Many companies that deploy digital tools find it hard to attain intended business outcomes. Often, the problem is not the tools but the low and incorrect usage of them. The problem is poor digital adoption.
If your digital workplace is heavily based on teamwork, you can take full advantage of one of the most powerful services within the Office 365 suite: Office 365 Groups.
Now, here is a common scenario: you tell your team members to make use of a tool; they open the tool but don't know where to start. This happens even after everyone has gone through sessions of training.
Not knowing how to use a tool is one of the greatest barriers to better usage.
Wouldn't it be great if there was a timeline of 'adoption enhancing activities' to follow when rolling out a new SharePoint-based intranet (or relaunching an existing one)? I mean, let's get real and talk about concrete things instead of vague concepts.
Team collaboration, task automation, data security, employee productivity, and return on investment are the common business pursuits. Toward those goals, companies have deployed SharePoint and Office 365.
However, all these business goals are only attainable to the extent that employees actually use the platforms. At the same time, SharePoint and Office 365 adoption remains a major challenge to organizations of all sizes. The idea of "build it; they will come" seldom translates into reality.
This is the fourth post in my series about Caveman User Adoption. The first was an overview of 4 Caveman Tenets of user adoption that together create an environment where SharePoint and Office 365 will grow organically. This article is a deeper dive on the third tenet – Simple Solutions. The core idea here is to solve common pain points with something that is satisfyingly simple. Don't design the proverbial solar-powered rocket launcher with GPS and cup-holders when all the users really needed was a club. Clubs are easy to replicate. They cost little to maintain. They have a short learning curve. They are satisfying to use. When you've got a new club - everything looks like a nail.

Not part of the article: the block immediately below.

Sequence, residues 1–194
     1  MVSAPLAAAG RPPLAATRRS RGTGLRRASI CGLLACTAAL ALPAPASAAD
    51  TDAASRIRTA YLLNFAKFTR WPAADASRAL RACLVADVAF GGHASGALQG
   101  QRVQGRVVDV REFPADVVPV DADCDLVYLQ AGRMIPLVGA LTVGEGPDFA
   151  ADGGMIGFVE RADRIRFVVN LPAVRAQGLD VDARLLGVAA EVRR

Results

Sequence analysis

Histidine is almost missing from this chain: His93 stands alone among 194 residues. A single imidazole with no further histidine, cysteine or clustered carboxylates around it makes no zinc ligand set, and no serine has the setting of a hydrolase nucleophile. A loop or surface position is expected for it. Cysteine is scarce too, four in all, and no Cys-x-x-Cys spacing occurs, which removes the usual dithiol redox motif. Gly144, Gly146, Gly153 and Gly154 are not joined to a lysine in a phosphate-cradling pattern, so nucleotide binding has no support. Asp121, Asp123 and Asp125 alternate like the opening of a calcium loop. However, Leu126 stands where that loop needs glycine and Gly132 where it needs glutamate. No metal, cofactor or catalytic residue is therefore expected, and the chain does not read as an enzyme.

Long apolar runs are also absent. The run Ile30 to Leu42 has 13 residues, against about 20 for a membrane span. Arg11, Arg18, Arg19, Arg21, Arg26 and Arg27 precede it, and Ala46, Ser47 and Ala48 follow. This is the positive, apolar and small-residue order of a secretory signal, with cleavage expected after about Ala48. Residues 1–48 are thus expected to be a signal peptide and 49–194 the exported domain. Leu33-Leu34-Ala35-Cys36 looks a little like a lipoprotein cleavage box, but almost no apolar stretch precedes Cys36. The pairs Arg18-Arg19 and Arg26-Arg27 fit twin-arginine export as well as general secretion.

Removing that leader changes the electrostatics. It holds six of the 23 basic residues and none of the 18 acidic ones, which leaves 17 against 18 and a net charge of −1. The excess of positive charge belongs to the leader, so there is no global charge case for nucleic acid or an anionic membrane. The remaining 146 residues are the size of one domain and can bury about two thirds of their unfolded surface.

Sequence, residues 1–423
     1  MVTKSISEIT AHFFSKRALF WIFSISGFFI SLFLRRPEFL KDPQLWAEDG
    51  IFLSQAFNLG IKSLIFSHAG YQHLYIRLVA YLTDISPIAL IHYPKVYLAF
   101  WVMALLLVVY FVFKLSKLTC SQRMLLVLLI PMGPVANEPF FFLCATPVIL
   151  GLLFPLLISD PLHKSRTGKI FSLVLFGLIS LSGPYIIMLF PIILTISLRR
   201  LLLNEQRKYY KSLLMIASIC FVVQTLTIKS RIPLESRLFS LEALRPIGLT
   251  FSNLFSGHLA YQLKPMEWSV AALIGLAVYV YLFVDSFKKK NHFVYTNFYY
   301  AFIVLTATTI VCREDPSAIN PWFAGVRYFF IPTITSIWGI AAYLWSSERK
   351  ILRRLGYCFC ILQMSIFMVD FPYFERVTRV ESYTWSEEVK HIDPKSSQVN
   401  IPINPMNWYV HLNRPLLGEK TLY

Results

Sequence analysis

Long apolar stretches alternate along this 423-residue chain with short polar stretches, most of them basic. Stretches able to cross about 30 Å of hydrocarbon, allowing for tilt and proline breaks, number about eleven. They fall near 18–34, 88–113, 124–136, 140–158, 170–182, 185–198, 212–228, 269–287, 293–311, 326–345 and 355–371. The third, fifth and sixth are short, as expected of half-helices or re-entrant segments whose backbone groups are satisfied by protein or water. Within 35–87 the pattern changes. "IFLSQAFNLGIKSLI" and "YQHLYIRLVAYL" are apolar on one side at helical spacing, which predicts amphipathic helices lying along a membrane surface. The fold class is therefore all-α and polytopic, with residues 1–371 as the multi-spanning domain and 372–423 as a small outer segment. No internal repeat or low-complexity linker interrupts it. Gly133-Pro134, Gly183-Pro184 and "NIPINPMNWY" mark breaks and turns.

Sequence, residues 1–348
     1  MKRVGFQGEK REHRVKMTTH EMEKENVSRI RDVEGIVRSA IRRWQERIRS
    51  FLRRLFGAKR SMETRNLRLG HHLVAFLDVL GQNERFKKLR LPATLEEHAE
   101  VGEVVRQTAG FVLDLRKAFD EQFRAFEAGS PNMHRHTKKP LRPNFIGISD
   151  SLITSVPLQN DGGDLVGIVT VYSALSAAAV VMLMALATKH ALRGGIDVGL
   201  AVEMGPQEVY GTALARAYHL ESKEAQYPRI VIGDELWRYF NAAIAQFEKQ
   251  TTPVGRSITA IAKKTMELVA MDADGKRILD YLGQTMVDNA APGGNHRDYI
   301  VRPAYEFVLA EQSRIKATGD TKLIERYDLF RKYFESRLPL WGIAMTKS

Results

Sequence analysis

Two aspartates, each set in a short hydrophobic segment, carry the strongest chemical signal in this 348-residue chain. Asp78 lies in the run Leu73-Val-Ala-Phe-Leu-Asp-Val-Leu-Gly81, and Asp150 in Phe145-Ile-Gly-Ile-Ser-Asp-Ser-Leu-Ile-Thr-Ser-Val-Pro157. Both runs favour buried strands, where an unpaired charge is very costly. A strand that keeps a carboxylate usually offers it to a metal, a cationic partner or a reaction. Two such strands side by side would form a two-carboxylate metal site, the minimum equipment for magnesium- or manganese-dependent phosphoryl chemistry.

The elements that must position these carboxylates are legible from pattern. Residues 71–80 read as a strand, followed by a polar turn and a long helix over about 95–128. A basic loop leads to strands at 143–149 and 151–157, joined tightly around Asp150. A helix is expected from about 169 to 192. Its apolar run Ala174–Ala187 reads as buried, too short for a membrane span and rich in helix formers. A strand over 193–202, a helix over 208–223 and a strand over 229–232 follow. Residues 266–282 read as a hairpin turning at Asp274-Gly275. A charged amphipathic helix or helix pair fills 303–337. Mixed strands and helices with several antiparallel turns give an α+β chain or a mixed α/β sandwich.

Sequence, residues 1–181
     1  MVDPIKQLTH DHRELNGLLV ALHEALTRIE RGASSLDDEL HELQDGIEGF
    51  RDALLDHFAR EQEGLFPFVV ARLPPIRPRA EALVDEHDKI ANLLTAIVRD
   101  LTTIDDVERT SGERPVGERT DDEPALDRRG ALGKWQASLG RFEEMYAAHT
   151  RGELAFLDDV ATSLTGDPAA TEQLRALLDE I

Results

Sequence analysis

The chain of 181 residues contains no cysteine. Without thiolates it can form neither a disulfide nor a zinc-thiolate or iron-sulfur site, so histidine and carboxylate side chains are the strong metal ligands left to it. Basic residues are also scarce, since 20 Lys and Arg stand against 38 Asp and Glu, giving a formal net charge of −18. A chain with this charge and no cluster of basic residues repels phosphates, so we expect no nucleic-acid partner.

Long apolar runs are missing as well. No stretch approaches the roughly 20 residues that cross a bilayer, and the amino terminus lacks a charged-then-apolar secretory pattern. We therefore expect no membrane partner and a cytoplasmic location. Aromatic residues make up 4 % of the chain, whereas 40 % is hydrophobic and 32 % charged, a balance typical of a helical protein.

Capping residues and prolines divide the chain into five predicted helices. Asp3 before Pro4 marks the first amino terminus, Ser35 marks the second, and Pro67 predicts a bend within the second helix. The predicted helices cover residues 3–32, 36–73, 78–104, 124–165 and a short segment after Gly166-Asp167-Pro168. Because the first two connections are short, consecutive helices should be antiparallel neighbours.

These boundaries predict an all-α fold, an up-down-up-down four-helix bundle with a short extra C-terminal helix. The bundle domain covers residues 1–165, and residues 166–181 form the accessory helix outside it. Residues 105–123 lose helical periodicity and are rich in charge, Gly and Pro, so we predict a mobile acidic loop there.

This is the third post in my series about Caveman User Adoption. The first was an overview of 4 tenets that together create an environment where SharePoint and Office 365 can grow. This article is a deeper dive on the second of those tenets. Measuring adoption is an area where a lot of times we overthink things. We track the wrong things (like page hits and unique visitors for a site) and build solutions that are way more complicated than we needed in order to tell our adoption story.
This is the second post in my series about Caveman User Adoption. The first was an overview of 4 tenets that together create an environment where SharePoint and Office 365 can grow. This article is a deeper dive on the first tenet – Simple Governance Policies.
I’ve been doing some speaking lately on the topic of user adoption. It’s an important subject, not least of which because so many times we, as an industry, get it wrong. We either ignore it (build it and they will come) or treat it like a project (training classes will be complete by August 1). In my experience, neither of those things work. Success is not rocket science, though. There are many books and posts out there that discuss adoption from more conceptual perspectives related to vision, communications, and human behavioral changes. Those discussions are certainly valid, but I plan to tackle the topic from a more functional perspective and discuss strategies and activities as they apply to the team behind the platform.
For those of you wondering if a migration to SharePoint 2016 makes sense, we've got the inside scoop. VisualSP is teaming up with Bill Baer to explain the benefits of this latest release, the investments Microsoft has made to improve SharePoint, and why a migration might make sense for your organization. We are hosting Bill on February 22, 2017, 12 – 1:00pm EST, live on the web.
Wouldn't it be nice to have a timeline of 'adoption enhancing activities' to follow when rolling out a new SharePoint-based intranet (or relaunching your existing one)? I mean, let's get real and talk about concrete things instead of vague concepts. Let's do this!
Topics: SharePoint Adoption